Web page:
During summer, when the UK’s lockdown rules were relaxed a little, the UK government introduced a scheme they called “Eat Out to Help Out”. At participating restaurants, you could a get government-funded 50% discount on food or non-alcoholic beverages of up to £10 between Mondays and Wednesdays, as long as you didn’t take away and your area wasn’t subject to local lockdown.
Though this scheme did help a lot of businesses to stay afloat, especially the local and independent ones we all love, it was suggested to have played a role in causing one sixth of this summer’s new coronavirus cases. Therefore, what other government-funded schemes could be implemented in order to help the economy while causing minimal risk to public health?
Why “Print Out to Help Out”?
It may seem a little trivial or insignificant, but printing is one of the most important parts of business. It’s a hidden hero, with most employees and business owners using their printing devices multiple times a day. Whether you are working from home, from an office, at a retail store or at a restaurant, you will be using printing resources more than you might have realised.
These days, universities and libraries often make you pay to use public printers. Though we might now be able to print straight from our smartphones, it could cost us maybe 4-10 pence per A4 page. This doesn’t seem a lot until you realise that printing those ten contracts to review might have cost you more than your hourly wage.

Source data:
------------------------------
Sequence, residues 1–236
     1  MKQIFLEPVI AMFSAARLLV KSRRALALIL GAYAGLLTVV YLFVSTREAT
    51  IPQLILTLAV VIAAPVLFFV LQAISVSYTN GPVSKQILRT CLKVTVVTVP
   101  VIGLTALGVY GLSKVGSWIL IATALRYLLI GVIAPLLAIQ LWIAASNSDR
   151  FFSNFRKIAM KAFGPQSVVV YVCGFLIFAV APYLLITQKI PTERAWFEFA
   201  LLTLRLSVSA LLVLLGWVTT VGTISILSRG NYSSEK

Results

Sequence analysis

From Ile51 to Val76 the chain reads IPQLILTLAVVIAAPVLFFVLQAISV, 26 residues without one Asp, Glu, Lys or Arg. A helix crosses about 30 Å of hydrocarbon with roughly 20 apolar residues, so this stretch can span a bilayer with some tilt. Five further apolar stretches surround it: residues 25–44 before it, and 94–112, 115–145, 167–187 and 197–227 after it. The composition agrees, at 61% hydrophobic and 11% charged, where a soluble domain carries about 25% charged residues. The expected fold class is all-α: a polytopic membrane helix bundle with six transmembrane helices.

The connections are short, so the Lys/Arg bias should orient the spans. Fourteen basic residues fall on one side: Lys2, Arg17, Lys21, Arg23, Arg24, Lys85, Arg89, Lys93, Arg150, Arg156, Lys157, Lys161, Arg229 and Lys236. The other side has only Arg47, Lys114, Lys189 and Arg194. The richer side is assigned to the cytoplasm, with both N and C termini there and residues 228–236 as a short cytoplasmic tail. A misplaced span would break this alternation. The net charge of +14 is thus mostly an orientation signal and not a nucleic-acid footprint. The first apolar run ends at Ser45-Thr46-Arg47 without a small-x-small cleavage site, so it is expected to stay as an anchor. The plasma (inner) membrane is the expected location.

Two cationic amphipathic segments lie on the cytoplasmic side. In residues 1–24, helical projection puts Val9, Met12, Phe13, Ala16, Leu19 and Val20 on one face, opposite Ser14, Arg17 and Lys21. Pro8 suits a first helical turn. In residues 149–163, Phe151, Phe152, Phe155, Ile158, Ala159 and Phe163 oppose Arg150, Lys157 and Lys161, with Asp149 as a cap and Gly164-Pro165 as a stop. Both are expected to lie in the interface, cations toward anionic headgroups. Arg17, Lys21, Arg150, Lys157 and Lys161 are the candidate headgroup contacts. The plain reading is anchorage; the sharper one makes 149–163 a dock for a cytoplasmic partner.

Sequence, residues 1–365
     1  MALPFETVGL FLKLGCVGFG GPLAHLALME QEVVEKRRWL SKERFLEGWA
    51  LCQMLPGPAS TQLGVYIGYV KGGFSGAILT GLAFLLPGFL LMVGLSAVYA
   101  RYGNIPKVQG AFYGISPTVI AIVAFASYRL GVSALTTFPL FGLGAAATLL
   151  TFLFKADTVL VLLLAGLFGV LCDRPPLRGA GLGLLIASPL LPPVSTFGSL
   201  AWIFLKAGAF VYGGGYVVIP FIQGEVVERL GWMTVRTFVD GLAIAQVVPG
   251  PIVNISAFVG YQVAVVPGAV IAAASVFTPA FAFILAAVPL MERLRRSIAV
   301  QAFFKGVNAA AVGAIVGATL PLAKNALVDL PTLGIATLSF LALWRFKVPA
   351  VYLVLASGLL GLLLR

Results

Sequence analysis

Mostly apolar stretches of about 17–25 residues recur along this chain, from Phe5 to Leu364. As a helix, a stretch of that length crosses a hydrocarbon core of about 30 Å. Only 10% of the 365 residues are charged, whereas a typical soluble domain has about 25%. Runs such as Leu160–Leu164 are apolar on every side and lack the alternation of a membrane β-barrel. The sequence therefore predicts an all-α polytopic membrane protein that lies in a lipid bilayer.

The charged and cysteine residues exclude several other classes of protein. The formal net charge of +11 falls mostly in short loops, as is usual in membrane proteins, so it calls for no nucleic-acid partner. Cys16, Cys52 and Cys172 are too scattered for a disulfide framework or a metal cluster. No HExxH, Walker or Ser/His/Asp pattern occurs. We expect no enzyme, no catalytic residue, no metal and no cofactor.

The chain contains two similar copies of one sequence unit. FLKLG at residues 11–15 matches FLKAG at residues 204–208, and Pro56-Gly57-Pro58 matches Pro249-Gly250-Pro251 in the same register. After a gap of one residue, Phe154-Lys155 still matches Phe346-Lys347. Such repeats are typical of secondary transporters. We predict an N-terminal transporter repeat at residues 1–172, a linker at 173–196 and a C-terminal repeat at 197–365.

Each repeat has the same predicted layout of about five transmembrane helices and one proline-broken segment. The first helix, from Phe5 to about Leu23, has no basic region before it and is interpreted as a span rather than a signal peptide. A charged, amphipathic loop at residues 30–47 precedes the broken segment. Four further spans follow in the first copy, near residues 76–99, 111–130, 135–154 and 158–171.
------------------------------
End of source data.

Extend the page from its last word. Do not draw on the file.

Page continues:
How could “Print Out to Help Out”, well, help out?
With government guidance towards COVID-19 changing constantly, a lot of businesses may have seen their printing levels significantly increase. Restaurants now need to display their NHS Track and Trace QR codes, while shops may display signs reminding us to wear our masks.
Local independent cafes working on adapted opening hours may be constantly changing their menus depending on what produce they have managed to get that day. These limited menus may need to be printed multiple times so that they can be disposed of once they’ve been touched. It all adds up.
What the government could do is subsidise print services in the same way it did food. If this were to be implemented, it could decrease the cost of binding, shredding, folding, laminating, booklet making, cutting, duplicating, coating and packaging services – adding to savings many companies could already be making on these services by using tech from a company like Duplo International. Hence, the potential impact on businesses trying to save money could be enormous.
When using printing infrastructure, there is the cost of purchase, cost per page, cost of maintenance and the energy usage it requires. For such an everyday need, it has many costs that you might not even think about.
A “Print Out to Help Out” scheme, where the government subsidises the cost of print solutions, could help thousands of business owners. It would help businesses to cut costs without affecting the quality of their services and without risk to their employees and consumers. Such a simple and overlooked thing could be the difference between businesses getting through the pandemic or not.